This is very nice performance, very clear sound. Vocals on third act not as stimulating as I was hoping, but the instrumentation and soundstage excellent. Highly recommended for those listeners looking for more subtle classical music. My appreciation for this piece has only increased across multiple listenings.

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Review by dschawv July 30, 2005 (1 of 2 found this review helpful)
Performance:   Sonics:    
Great Stuff.
This is an absolutely wonderful issue in this series.
Orchestral playing is outstanding.
Solid interpretation and the sonics are wonderful.
I have loved this symphony for a long time.
This confirms my belief in this as a wonderful listening experience.

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Review by Dr. O August 8, 2005 (6 of 6 found this review helpful)
Performance:   Sonics:  
A trully first-rate performance by one of the world's great orchestras! This should certainly be in the collection of each and every Mahler fan!

I find the sonics to be wonderful, specially in the "non-tutti" sections. At times - when the entire orchestra is playing - some of the clarity is slightly diminished. In this sense, I find the SFS recording to be better.

In terms of the interpretation offered by Chailly, it is very good. One element that I enjoy in MTT's version is how he is able to bring out that side of Mahler which was, in spite of all his polished urbanity, still decidedly bohemian. Staging and the purity of each individual line is also cleaner in the MTT version, though at times there are moments in this performance which are somewhat more engaging. Chailly is good in his ability to keep the "musical thread" moving forward through time, whereas with MTT there is a tendency to "milk" each section for it's own individual meaning and nuance. Two different styles and approaches - one not "better" than the other, but simply "different."

The Bach Suite is a delight, specially the Air - one of my all-time favorite compositions. How wonderful to have this included in this very satisfying CD!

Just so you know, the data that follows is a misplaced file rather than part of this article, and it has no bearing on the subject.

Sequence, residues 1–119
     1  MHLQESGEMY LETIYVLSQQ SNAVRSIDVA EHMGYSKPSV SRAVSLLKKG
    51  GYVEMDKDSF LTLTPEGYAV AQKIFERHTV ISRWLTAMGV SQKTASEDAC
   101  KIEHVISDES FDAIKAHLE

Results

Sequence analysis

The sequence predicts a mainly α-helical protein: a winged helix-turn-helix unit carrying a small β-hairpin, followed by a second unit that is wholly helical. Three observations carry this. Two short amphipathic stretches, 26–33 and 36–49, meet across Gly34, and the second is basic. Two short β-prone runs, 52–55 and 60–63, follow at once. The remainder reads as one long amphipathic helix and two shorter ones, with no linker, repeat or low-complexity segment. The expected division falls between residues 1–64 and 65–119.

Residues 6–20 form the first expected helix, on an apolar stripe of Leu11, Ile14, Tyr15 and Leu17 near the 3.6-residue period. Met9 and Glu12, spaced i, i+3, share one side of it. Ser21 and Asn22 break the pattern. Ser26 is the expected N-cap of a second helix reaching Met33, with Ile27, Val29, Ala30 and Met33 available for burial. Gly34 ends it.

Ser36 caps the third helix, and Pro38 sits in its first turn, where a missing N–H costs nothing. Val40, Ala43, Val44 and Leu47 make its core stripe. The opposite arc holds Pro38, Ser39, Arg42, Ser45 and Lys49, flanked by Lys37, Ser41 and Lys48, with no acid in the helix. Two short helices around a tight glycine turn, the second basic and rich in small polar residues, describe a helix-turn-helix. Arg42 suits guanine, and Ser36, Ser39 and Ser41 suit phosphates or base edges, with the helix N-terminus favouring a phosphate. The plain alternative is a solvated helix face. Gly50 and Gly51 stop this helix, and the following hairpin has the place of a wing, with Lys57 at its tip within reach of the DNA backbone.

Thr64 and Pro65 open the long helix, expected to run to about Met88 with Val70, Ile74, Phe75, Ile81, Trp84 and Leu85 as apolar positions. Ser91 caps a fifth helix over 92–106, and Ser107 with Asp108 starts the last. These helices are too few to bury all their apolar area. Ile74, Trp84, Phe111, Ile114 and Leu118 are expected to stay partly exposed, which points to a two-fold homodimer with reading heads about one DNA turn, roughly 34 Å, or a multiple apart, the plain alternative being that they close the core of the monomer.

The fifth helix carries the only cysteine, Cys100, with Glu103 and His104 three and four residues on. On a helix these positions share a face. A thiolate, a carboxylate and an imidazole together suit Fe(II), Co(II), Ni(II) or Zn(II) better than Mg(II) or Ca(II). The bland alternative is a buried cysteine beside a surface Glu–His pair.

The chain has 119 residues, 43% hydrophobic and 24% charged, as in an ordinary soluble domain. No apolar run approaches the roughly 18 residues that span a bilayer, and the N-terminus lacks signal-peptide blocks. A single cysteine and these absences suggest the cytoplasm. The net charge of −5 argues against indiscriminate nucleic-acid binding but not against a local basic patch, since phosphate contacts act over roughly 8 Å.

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Review by threerandot June 5, 2007 (10 of 10 found this review helpful)
Performance:   Sonics:  
Ricardo Chailly leads the Concertgebuow Orchestra in this majestic performance of Mahler's third symphony. The Bach fill-up is excellent as well.

Kräftig entschieden (Strong and decisive):
Ricardo Chailly proves to us that he is capable of giving us a first-rate performance in Mahler's third symphony.
The opening movement begins with one of Mahler's favorite devices, the March, with impressive horns, crisp percussion and deep, deep bass. Those with a subwoofer or large speakers are in for a treat. There is a feeling of desperation in this music and the powerful dynamics only heighten the emotions. The darker, more sinister moments with trumpets, bass and percussion are contrasted with gentler moments in the winds and violins. Piccolos, flutes, oboes and clarinets come through beautifully. You can also hear some of the deep bass coming from your rear speakers as well. There is a heroic and indominatable spirit in this music. At almost 35 minutes, in lesser hands, this first movement could peter out very quickly, but Chailly manages to keep the music moving with plenty of energy and momentum.

Tempo di Menuetto (In the tempo of a minuet)
After the tumultuous and dramatic first movement, we settle into the genial and sunny second movement. This minuet is filled with a Viennese charm and ease. The pizzicato strings and harps help set the mood. This is ebullient music making. I wish that the strings could come out just a bit more, but overall, this is a nice contrast to the first movement.

Comodo (Scherzando) (Comfortably, like a scherzo)
The third movement is filled with the joy and beauty of nature and is marked by colorful woodwinds and horns. The music has a rustic, dancelike character filled with the innocence and happiness of youth. The posthorn solos are the centerpiece of this movement. They are tender, lyrical and moving and will stick in your head. I appreciate the distance the listener is from the posthorn, almost as if it is calling us from the depths of the woods. French horns join in. It conjures up serene and peaceful feelings. The solo is broken by more rustic dances, but returns again later. The movement closes with exuberant climatic fanfares.

Sehr langsam--Misterioso (Very slowly, mysteriously)
Petra Lang's mezzo-soprano voice proves ideally suited to the mysterious fourth movement, filled with deep yearning and longing. The mood is serene, with soft french horns and strings. This is one of the most poignant moments in this entire symphony. It all ends with hushed strings. The recording captures the intimacy of this music making.

Lustig im Tempo und keck im Ausdruck (Cheerful in tempo and bold in expression)
The fifth movement features an all women's chorus singing a joyful song which contains material Mahler would later use in his fourth symphony. The tune is bright and genial.

Langsam--Ruhevoll--Empfunden (Slowly, tranquil, deeply felt)